The wee parties complain that they’re not taken seriously. One look at the Green Party agriculture and rural affairs policy shows that sometimes that’s because they don’t deserve to be.
It’s not so much policy as an example of what happens when good intentions and political ideology aren’t tempered with reality.
I’ve had a request from a blog reader to analyse it but I’ve given up because there are too many feel-good statements which want to “encourage” or “promote” with no costings and no science to back them up.
There are some things I agree with among the candy floss but they are more than cancelled out by matters which go where no political party should, on to private property and into private businesses.
One example of this is the desire to promote the target of half our production being certified organic by 2020.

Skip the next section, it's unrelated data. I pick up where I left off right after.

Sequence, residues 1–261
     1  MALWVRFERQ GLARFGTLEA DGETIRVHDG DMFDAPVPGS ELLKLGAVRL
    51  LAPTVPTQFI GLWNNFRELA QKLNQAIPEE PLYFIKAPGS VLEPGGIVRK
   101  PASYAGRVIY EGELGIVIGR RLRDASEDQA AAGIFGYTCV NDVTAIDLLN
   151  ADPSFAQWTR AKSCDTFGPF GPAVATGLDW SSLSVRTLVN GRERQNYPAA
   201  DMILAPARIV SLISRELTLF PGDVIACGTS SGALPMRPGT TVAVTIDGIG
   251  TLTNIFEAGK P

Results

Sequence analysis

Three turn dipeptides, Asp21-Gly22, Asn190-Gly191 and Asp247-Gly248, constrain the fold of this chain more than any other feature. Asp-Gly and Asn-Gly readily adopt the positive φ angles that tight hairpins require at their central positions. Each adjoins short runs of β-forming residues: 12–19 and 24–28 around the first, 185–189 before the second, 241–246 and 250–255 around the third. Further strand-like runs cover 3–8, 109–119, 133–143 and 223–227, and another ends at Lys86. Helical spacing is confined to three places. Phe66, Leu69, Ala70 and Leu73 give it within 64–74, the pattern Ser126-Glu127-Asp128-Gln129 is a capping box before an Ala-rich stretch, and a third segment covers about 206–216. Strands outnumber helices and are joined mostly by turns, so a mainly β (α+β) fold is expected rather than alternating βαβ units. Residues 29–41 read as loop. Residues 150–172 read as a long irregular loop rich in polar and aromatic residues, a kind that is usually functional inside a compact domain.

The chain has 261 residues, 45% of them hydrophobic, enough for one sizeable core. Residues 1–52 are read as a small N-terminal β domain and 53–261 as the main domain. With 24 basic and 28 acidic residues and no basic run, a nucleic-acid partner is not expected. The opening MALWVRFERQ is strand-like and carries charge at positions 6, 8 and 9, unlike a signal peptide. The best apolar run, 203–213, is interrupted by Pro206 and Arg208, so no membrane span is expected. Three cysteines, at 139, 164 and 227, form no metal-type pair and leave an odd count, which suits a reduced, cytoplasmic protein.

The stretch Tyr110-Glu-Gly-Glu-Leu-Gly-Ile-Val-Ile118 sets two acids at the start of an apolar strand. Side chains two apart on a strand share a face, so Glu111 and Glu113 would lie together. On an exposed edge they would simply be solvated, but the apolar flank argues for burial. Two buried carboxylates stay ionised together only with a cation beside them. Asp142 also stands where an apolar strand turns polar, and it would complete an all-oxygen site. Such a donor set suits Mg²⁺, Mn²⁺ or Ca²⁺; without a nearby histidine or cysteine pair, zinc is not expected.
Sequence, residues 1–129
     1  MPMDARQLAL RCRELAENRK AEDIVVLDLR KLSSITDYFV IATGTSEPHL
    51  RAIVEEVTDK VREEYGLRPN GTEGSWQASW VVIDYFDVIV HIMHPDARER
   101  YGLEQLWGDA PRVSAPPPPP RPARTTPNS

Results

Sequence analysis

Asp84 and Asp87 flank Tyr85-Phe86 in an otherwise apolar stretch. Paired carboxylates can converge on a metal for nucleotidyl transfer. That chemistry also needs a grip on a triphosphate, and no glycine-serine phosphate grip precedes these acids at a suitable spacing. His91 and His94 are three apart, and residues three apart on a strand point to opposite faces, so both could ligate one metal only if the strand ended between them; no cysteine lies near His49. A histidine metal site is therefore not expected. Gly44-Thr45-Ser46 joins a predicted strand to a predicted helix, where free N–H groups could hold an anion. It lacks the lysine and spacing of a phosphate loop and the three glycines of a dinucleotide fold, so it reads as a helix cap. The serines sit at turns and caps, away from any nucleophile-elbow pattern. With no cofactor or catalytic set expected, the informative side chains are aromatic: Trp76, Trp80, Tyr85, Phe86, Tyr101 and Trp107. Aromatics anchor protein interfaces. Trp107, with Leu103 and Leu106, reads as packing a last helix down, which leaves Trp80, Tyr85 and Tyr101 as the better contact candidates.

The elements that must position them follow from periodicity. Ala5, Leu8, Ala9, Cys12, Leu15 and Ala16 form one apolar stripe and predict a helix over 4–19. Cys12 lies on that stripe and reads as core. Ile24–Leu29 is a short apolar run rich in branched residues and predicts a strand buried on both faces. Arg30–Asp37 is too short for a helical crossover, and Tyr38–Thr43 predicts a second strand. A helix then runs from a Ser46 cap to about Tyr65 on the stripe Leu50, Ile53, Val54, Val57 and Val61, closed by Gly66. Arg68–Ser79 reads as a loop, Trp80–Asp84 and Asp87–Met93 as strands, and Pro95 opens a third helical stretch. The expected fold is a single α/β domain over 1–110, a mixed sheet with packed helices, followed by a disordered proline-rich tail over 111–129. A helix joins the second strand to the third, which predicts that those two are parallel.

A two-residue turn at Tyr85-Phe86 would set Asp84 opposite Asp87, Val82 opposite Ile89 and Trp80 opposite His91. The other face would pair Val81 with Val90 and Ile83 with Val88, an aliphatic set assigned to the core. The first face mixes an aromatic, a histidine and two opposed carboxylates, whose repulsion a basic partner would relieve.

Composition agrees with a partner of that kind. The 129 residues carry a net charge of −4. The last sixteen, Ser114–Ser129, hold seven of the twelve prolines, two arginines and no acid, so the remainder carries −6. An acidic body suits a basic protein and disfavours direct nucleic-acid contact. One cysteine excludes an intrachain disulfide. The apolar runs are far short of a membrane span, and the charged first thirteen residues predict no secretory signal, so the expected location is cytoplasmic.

This grand statement is made without taking any account of the impact reduced yields and higher costs would have when the world is already short of food and with no reference to whether there is a demand for that much organic produce.
But that’s beside the point because whether or not farms are organic isn’t a decision for politicians, it’s a decision for individual farmers, based on what they want to do on their land, and what the market wants.
That the Greens think they can impose their ideology on individual businesses in this way shows they’re not so much for the planet as off it.
As Liberty Scott says:
The Greens are, once again, proving their addiction to big Nanny State, addiction to telling people what to do and not do, banning, regulating and subsidising. It is socialism, but the agricultural policy is far more sinister. It has so much that is “anti-foreign” that the National Front would have little to disapprove of.